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Social Security Disability and Mental Health: What You Need to Know 

April 6, 2020

Sometimes mental health conditions are debilitating. 

The federal government believes workers who have severe mental health disorders such as bipolar disorder, depression, anxiety, or schizophrenia should not be destitute if they are unable to work and provide for themselves and their families. It is important to take care of those who can not financially support themselves due to health problems.

If you feel like your mental health condition is so severe that it makes it impossible to work or maintain employment, you may be eligible for government benefits that will help support you. It may feel like you are alone, you are not. The Social Security Disability lawyers and team at Watson & Carroll, P.C., L.L.O. are here to help secure the benefits you need and deserve. Visit our website to get started. 

Mental Health by the Numbers 

Millions of people suffer from major mental health issues, which can put a significant financial strain on themselves and their families. 

More than 3.4 million people across America received Social Security disability benefits for mental disorders in 2018, according to data from the Social Security Administration. 

More than 45,000 people with disabilities, which is equal to about 4 percent of the population between the ages of 18 to 64, receive benefits, the Social Security Administration reports. More than 18,000 Social Security disability beneficiaries in Nebraska are impacted by mental disorders. 

In 1999, the U.S. Department of Health and Human Services’ Surgeon General declared in a report that “mental illnesses are physical illnesses.” In other words, both are connected to one another and can be disabling and impact a person’s ability to keep working.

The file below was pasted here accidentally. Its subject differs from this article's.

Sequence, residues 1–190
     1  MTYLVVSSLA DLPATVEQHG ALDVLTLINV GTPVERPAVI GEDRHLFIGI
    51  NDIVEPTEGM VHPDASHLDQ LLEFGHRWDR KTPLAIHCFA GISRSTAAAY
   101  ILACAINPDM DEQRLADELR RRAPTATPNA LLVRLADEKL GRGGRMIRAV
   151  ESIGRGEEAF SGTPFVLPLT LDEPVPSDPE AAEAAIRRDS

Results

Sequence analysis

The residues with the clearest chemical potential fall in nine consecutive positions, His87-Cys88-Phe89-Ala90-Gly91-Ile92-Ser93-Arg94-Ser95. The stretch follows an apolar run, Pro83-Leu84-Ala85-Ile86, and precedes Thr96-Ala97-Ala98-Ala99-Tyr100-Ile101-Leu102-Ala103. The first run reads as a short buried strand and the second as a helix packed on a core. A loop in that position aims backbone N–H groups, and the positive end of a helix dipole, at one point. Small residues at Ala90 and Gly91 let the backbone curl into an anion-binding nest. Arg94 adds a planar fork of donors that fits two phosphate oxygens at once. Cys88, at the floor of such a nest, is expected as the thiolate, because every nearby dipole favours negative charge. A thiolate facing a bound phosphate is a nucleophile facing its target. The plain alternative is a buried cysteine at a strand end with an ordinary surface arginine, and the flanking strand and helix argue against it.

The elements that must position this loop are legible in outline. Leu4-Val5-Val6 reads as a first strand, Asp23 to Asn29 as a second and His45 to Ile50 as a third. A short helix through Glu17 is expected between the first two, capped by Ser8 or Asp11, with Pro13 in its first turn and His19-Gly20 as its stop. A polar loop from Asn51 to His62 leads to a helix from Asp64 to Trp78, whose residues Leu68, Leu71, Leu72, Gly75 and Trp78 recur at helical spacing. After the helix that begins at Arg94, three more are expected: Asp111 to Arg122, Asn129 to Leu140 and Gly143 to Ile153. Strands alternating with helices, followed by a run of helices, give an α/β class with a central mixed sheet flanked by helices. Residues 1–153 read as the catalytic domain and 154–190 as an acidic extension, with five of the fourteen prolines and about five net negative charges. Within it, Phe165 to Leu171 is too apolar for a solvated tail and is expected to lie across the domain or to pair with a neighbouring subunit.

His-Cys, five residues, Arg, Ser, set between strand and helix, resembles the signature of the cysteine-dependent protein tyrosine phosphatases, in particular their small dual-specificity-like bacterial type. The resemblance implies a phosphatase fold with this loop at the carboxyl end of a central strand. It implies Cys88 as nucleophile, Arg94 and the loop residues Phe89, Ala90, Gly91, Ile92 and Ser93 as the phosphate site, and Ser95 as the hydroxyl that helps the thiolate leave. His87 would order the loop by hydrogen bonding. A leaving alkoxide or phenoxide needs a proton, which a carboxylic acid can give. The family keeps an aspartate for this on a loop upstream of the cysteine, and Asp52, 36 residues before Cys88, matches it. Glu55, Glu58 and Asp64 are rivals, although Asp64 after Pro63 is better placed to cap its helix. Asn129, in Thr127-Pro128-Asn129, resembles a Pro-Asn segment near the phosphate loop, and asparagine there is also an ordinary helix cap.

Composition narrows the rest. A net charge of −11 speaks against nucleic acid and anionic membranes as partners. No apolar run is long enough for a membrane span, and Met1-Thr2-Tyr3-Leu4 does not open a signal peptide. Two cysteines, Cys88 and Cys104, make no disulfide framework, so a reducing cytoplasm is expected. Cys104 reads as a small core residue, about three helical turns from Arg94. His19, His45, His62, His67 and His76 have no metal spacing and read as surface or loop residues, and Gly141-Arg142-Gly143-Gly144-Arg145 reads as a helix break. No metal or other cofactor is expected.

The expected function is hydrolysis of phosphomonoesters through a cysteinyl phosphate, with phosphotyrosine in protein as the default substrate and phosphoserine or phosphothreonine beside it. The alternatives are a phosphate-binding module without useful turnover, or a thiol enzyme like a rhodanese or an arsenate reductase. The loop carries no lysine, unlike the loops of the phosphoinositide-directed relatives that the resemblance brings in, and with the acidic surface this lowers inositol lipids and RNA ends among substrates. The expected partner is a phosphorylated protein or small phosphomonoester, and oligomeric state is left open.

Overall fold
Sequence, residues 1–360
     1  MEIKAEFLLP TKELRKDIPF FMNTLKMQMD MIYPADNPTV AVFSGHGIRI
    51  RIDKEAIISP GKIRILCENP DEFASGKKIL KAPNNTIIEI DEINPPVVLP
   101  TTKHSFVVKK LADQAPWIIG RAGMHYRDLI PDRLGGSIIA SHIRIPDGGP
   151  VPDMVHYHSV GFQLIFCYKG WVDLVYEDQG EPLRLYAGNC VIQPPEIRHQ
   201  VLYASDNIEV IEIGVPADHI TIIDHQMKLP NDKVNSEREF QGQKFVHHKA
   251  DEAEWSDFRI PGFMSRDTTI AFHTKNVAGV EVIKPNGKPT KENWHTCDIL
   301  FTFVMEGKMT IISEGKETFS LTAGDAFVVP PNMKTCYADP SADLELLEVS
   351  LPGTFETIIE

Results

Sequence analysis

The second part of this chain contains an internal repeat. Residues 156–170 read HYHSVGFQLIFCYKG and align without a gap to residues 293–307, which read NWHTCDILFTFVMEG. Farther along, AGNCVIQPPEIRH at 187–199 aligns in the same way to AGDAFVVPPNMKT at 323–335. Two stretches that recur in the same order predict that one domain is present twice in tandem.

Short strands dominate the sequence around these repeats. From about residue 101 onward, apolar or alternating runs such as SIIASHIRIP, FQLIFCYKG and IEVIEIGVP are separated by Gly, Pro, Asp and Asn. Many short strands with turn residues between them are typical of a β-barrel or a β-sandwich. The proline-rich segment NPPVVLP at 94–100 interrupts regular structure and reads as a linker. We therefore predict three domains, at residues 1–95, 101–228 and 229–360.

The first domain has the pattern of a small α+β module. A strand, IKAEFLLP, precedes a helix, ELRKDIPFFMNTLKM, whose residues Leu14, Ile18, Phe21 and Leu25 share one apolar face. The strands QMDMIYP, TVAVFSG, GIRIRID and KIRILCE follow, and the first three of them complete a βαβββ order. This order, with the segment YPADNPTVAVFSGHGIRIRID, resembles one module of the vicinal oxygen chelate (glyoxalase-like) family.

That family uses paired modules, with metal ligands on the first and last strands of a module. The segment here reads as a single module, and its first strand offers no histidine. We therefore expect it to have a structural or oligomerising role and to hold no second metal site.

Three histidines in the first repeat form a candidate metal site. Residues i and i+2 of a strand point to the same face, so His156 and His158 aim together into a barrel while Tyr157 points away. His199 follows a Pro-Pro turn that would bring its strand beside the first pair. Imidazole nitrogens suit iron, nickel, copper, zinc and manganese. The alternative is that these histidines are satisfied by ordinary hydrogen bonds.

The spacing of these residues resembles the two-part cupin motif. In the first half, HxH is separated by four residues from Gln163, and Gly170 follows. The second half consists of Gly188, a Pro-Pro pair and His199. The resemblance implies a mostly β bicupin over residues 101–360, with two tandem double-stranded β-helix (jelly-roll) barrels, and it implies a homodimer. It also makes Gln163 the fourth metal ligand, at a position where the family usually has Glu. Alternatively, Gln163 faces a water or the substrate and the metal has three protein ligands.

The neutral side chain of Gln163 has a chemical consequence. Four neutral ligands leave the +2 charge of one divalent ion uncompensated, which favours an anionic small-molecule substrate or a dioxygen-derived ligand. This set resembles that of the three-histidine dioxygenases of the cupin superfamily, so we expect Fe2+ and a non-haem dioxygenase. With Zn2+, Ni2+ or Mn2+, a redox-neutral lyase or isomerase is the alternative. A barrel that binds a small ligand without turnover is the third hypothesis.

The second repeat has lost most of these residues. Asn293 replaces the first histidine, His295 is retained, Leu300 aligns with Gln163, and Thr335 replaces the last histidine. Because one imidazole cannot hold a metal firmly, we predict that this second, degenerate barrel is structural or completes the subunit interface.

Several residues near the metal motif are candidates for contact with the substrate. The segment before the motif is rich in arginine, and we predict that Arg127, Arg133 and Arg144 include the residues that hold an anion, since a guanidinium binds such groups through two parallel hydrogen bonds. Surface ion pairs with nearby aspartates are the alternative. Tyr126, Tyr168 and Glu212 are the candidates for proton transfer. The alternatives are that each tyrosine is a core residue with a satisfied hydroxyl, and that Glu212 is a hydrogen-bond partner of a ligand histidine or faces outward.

Research has also found that mental health disorders increase the risk of physical medical conditions. People who have depression, bipolar disorder are prone to dying five to 10 years sooner than individuals without mental health concerns. The cause of death for these patients is often not due to a mental health disorder, but rather other physical health problems such as cancer, vascular disease, diabetes or chronic obstructive pulmonary disease (COPD) or asthma, according to the study. These numbers are staggering. They also prove that mental health issues can cut a person’s life short.

But having more than one condition can create another layer of challenges to obtaining Social Security disability. The application process becomes more difficult, time consuming, and expensive. Proving you cannot recover from a condition is a hard thing to accomplish when so many ailments are at play. But it can be done.

The Social Security disability program was created to financially support American workers who experience long-term disabilities that prevent them from participating in the workforce. 

The majority – more than 85 percent of people enrolled in the Social Security disability program are considered disabled workers; 11.4 percent are disabled adult children, and 2.6 percent are disabled widows, according to the Social Security Administration’s 2018 annual report. Disabled adult children are most likely to experience intellectual disabilities, according to data from the Social Security Administration

The largest percentage of disabled workers are between the ages 60 and 64. To qualify for Social Security disability, you must show that you cannot perform work you used to be able to do; and the Social Security Administration must conclude that you are unable to transition into a different line of work or any job as a result of your medical condition. Lastly, your disability must have lasted more than one year, or should be expected to last beyond a year or will lead to death. Social Security disability pays for full disabilities, and the administration will not consider short-term or partial disabilities.